Alexandria, VA, USA – A bibliometric study analyzing female representation among authors of the 100-most-cited papers in dentistry as a measure of leadership diversity in 60 years of dental research will be presented at the 101st General Session of the IADR, which will be held in conjunction with the 9th Meeting of the Latin American Region and the 12th World Congress on Preventive Dentistry on June 21-24, 2023, in Bogotá, Colombia.
The Interactive Talk presentation, “Women's Leadership In 60 Years of Dental Research,” will take place on Thursday, June 22, 2023, at 2:30 p.m. Colombia Time (UTC-05:00) during the “Attitude and Evidence” session.
The study by Luisa Gatti-Reis of Universidade Federal de Minas Gerais, Belo Horizonte, Brazil, selected the 100 most-cited papers in Dentistry from the Web of Science Core Collection (WoS-CC) in July 2021. Data extraction was from the Scopus database and included author affiliation, study design/subject, and publication year. The authors’ gender assignment was carried out using WoS-CC, Scopus, ResearchGate, social media, and software that assigns gender according to first names (GenderAPI). The leadership roles of female authors were retrieved using the criteria: lead (first) and senior (last) authors, publication history, and H-factor. Data analysis included descriptive statistics.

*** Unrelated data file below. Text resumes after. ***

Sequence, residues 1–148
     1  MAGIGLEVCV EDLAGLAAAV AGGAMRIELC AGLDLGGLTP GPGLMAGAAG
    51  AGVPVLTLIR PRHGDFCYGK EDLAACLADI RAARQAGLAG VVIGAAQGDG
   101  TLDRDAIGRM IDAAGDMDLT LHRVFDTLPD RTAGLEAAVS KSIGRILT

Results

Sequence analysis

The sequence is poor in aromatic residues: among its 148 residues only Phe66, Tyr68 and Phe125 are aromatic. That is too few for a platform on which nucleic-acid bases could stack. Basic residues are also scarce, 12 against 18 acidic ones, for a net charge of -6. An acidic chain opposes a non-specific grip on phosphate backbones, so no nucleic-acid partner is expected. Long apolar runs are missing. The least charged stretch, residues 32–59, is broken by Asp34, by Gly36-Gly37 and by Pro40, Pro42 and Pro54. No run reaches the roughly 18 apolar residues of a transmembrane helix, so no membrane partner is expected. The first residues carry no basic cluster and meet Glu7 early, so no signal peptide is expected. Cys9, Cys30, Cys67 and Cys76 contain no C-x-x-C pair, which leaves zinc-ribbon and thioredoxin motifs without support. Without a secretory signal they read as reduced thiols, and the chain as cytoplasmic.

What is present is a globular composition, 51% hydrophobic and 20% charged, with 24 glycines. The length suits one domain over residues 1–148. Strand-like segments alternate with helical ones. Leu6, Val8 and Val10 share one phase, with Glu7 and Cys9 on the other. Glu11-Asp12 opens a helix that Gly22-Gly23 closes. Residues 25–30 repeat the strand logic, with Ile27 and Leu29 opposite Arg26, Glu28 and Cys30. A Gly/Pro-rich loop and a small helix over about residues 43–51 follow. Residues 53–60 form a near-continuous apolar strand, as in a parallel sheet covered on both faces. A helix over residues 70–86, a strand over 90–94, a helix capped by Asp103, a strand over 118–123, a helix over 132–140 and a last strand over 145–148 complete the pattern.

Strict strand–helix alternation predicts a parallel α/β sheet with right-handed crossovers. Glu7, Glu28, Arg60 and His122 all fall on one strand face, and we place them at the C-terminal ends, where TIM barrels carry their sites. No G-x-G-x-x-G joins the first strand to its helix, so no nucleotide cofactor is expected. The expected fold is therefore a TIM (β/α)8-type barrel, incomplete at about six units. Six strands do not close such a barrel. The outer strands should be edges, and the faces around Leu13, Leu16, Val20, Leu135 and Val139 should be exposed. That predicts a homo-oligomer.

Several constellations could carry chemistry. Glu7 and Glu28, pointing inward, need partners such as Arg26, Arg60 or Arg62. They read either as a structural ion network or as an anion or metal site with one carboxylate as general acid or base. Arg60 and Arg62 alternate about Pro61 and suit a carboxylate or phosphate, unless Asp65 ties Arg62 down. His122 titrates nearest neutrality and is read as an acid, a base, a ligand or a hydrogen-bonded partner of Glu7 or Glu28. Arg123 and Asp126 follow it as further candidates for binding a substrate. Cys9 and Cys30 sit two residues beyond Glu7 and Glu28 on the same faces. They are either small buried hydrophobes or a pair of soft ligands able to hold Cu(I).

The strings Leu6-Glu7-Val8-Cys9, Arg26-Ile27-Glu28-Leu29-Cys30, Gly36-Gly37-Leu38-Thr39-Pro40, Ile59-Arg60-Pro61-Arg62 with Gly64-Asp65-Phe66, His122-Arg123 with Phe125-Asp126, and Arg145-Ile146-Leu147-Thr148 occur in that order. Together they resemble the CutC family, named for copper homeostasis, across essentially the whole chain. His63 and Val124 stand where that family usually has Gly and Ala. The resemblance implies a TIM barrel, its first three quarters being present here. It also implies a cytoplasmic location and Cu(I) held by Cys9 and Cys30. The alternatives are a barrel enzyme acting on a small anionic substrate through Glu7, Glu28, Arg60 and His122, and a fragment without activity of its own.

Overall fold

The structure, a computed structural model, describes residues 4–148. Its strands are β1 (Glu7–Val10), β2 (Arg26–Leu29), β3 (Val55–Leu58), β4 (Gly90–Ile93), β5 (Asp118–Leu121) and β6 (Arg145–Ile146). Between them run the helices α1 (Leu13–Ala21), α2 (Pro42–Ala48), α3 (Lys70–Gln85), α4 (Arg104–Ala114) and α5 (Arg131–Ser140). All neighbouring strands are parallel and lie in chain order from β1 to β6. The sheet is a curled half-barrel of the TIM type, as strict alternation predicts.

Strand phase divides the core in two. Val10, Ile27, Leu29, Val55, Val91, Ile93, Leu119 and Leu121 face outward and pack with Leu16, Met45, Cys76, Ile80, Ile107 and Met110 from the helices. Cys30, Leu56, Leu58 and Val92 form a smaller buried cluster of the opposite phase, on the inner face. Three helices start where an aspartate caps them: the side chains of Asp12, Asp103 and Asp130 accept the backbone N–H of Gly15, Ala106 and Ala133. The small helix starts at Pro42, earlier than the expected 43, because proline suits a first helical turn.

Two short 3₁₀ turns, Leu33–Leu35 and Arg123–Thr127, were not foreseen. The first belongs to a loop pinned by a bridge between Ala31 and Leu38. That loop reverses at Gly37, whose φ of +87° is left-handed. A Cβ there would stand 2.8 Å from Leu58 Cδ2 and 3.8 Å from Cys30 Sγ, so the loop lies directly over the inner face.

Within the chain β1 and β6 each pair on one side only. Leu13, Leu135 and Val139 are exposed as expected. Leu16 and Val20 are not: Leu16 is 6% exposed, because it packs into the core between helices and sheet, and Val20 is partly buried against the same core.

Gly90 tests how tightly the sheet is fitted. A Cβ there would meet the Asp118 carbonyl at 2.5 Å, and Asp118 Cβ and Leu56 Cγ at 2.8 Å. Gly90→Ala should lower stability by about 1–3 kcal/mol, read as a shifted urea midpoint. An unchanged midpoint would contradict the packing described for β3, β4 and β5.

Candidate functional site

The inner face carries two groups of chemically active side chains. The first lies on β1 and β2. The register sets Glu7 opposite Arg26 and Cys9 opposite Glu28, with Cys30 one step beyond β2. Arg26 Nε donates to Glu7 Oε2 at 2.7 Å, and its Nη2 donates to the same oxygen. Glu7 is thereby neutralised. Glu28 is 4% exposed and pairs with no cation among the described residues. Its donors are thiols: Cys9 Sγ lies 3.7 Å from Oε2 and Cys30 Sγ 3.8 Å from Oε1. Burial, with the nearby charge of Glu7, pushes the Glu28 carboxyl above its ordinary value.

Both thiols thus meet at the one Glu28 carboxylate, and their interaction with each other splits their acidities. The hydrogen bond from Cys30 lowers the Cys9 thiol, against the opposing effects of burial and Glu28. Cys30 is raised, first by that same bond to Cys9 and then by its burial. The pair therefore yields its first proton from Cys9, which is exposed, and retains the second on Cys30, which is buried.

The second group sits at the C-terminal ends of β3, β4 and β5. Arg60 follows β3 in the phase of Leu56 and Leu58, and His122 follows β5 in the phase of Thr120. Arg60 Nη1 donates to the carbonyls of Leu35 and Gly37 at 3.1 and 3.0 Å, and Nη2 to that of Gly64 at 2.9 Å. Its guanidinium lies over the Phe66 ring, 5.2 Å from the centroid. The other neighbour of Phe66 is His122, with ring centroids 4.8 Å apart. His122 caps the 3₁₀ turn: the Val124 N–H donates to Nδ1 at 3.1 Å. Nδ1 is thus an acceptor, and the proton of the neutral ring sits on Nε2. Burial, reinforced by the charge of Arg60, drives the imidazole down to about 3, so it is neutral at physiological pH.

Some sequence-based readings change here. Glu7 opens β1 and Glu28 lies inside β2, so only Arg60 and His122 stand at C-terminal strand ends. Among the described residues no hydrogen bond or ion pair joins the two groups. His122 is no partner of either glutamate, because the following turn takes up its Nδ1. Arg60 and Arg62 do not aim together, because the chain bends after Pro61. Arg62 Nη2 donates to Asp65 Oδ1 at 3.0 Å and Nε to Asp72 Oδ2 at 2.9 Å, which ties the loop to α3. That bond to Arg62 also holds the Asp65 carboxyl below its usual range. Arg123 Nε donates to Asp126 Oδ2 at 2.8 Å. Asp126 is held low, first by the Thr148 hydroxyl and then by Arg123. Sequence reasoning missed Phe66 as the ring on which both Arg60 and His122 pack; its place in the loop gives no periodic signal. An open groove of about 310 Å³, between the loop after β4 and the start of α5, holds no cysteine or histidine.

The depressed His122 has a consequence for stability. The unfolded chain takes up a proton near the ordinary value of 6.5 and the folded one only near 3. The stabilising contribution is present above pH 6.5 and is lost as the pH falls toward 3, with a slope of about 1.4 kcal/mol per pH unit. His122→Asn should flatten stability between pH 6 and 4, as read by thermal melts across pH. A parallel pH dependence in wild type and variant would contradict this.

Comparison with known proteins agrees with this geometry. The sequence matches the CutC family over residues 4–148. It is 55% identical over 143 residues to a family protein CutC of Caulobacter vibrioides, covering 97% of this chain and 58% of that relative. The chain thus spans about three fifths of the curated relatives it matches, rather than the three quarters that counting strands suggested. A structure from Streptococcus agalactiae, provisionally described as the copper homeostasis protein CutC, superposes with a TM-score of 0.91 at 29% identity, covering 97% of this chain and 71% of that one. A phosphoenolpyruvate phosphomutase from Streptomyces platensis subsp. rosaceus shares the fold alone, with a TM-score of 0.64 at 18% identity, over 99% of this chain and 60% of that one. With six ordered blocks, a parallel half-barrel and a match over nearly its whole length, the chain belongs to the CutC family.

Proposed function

The 100-most-cited papers were published across 6 decades, written by 394 researchers, 326 (82.7%) men, and 68 (17.3%) women. Among the lead authors, there were 11.3 males for each female. Among the female senior authors, there were 7 males for each female. Of the papers whose lead authors were from North America, 7 (13.0%) were female; of the 8 papers with Asian lead authors, 1 was female. In Latin America, Europe, and Oceania there was no female lead author of any of the papers. In papers from Latin America, Asia, and Oceania there was no female senior author. Women’s contribution increased during the 20th century, reaching its peak in 2000-2009 (n=27). For female lead or senior authors, the time between their first and last papers ranged from 4 to 42 years (mean 27.1±11.9, lead authors) and 1 to 39 years (mean 25.8±13.6, senior authors). H-factor among female lead or senior authors ranged from 1 to 73 (mean 23.6±22.7). The study concludes that there was a lack of leadership diversity in the gender of authors of the 100-most-cited papers with an underrepresentation of women, highlighting pervasive gender inequalities in dental research.
The International Association for Dental Research (IADR) is a nonprofit organization with a mission to drive dental, oral, and craniofacial research for health and well-being worldwide. IADR represents the individual scientists, clinician-scientists, dental professionals, and students based in academic, government, non-profit and private-sector institutions who share our mission. Learn more a t www.iadr.org.